The Fanfare has a wonderful sound, BUT as others have said the tuner can only be as good as the signal. From what I understand, in Cananda they have some live concert broadcasts that are amazing!
I work at home and very much enjoy using it throughout the day. You wouldn't use a tuner for "critical" listening, unless you had a good signal.
I think we all use our stereos differently, hence the variety of different reponses. I for one would recommend a good tuner.
As far as David Rich, It does not matter to me to much how it looks inside as long as it sounds good. I would not spend the extra money to get neatly made solder joints under a case I will never open if it sounds the same. A good example is the Creek T43 and Cambridge Audio T500. These are basically the same tuner inside, the Creek uses a few higher grade parts and is made in England instead of lower cost China for the Cambrige. Same FM Chipset. Mike Creek designed the Cambridge by taking his T43 and experimented by seeing where he could cut corners without compromising the sound quality. I have heard them both (own neither). The Creek does sound slightly better, more noticeable with weak stations. With strong stations it is harder to tell. You get this improvement at a cost of $699 for the Creek versus $259 for the Cambridge. Is it worth it? Yes to some, and I guess nothing wrong with that. The only annoying thing about the Cambridge is no manual over-ride tuning, however the Chipset does do a very excellent job of gradually blending the highs in stereo on weaker stations to eliminate noise and switching to mono on very weak ones. So the Creek is a better choice if you live in a more rural setting. In an urban area with lots of stations it matter less.
Some of you have alluded to the fact that a good FM tuner can provide results that are quite acceptable to the audiophile sense of what sonic accuracy truly is. We at Fanfare join you in that belief.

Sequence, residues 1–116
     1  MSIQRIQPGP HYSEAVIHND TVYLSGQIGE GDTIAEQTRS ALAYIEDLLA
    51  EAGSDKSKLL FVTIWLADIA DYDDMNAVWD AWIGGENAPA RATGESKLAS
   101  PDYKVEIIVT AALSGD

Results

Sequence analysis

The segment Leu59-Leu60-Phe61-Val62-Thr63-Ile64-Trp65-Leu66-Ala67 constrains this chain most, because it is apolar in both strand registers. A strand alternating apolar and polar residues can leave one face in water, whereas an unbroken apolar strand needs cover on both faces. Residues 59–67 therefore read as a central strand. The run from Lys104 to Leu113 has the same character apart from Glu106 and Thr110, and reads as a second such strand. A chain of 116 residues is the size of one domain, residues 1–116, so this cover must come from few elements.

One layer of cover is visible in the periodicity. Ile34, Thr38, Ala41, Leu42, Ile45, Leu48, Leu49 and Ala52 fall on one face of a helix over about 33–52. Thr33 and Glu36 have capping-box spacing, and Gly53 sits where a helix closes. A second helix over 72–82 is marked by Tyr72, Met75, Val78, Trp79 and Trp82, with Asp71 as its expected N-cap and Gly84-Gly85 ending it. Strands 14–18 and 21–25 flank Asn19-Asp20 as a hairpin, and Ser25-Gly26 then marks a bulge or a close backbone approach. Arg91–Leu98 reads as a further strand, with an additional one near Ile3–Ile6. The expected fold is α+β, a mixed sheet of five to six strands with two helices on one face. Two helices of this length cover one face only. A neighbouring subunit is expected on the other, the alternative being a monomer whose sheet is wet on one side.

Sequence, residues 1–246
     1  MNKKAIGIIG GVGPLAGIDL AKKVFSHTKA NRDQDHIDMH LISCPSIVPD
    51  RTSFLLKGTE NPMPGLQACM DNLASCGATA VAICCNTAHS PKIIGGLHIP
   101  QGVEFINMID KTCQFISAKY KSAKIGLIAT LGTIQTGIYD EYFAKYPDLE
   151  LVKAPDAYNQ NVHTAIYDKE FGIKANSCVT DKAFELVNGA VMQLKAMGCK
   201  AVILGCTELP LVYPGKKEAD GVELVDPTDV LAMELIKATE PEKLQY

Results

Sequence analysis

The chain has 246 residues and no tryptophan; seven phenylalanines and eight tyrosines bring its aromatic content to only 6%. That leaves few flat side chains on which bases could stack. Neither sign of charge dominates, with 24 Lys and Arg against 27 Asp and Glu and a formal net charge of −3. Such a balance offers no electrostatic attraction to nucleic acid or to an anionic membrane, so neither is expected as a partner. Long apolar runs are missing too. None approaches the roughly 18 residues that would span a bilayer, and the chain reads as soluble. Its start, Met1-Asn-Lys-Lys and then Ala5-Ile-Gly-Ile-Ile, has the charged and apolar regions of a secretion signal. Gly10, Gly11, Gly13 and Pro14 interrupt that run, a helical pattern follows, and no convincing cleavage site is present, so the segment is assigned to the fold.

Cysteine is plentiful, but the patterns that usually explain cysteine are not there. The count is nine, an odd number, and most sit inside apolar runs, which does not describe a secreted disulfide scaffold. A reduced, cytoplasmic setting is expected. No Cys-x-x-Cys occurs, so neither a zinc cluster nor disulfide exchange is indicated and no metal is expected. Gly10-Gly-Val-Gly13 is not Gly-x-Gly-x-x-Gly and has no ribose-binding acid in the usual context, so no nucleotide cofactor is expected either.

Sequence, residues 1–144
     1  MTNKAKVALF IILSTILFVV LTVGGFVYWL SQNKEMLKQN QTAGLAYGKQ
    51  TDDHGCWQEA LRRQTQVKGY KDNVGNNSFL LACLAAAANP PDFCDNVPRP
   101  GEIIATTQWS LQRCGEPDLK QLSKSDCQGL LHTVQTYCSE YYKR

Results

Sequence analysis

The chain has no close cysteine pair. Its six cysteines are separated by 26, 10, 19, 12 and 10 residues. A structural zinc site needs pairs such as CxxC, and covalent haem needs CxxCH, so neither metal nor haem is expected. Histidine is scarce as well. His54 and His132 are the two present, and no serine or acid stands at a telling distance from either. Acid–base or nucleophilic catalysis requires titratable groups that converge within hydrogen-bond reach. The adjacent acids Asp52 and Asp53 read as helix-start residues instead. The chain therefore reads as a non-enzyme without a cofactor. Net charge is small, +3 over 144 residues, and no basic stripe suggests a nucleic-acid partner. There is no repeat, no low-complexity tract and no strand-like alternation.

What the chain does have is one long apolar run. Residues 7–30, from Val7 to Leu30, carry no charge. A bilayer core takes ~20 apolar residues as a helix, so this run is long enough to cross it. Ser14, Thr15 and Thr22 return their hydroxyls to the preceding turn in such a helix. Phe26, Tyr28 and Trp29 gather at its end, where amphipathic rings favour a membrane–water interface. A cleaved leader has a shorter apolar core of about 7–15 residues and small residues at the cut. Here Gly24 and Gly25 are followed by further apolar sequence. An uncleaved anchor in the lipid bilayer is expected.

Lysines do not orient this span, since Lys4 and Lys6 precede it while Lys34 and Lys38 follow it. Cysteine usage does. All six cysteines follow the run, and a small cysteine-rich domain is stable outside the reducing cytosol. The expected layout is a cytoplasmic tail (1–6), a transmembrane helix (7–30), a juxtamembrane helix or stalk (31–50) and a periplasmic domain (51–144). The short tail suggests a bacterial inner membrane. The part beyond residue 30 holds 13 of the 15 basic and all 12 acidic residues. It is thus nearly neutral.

Proof for one person might be playing a CD in synch with the same selection playing in a radio broadcast (a tricky fete, but do-able) and A/B'ing them. Fanfare has such a client, and has vindicated the FT-1A's claim of sonic accuracy many times over. You'll find his further comments in a review of the FT-1A under "Tuners", "Fanfare" at Audioreview.com". His name is "Roger".
Another is splitting the output of a CD player to the line stage of a reasonably high resolution audio system, and at time, to the exciter stage of an FM transmitter which is connected to a dummy load so it can only transmit locally within the same room. The receiver hooked up to the system to receive the airborn version is a Fanfare FT-1 FM tuner. Based on our count, the vast majority of the audience at both CES exhibits where this was performed could not tell the difference between the broadcast and the direct feed, and even the detractors couldn't be certain on a double-blind test, including me.
Through the type of "objective" comparisons illustrated above is how we judge the accuracy of a tuner, and in this case the Fanfare FT-1 and the FT-1A. We do not deal in speculation or aesthetic response. Our specific goal is to provide the high quality performance our customers have come to expect in a Fanfare product.
As for David Rich's comments, he doesn't speak about the quality of the internal workmanship in the FT-1A inside. What he, in his own personal judgement does(and he's never built anything for the market that's known to me), is speak about what he feels are weaknesses in the design. He is entitled to his opinion. However, in the final analysis, upon listening to the FT-1A's transparent sound, the quietness in its background (no hiss) and its unique station acquisition capabilities (better in all ways than its Canadian competitor), I suspect no one who is a self-thinker would give a damn what anyone says otherwise.
The FT-1A is a design that works for everyone, save the few heretics who feel the world should move to their side of the boat, no matter what the consequence.
Soon a more definitive comment on David Rich's review will appear on our website at "http://www.fanfare.com/reviews.html/"
Thank you for your time.
Marv Southcott, President, Fanfare Electronics
Dcaudio: In your response, you commented that you have been using your external TV antenna to feed a signal to your FM tuner. Since you don't state the brand/type of TV antenna, I'll simply comment that it may not be optimal for FM reception. If you are serious about wanting top-quality FM sound, and are willing to experiment a bit, you should try getting a decent FM antenna that is fairly directional. Better yet, get a motorized rotor so you can aim the antenna from inside the house.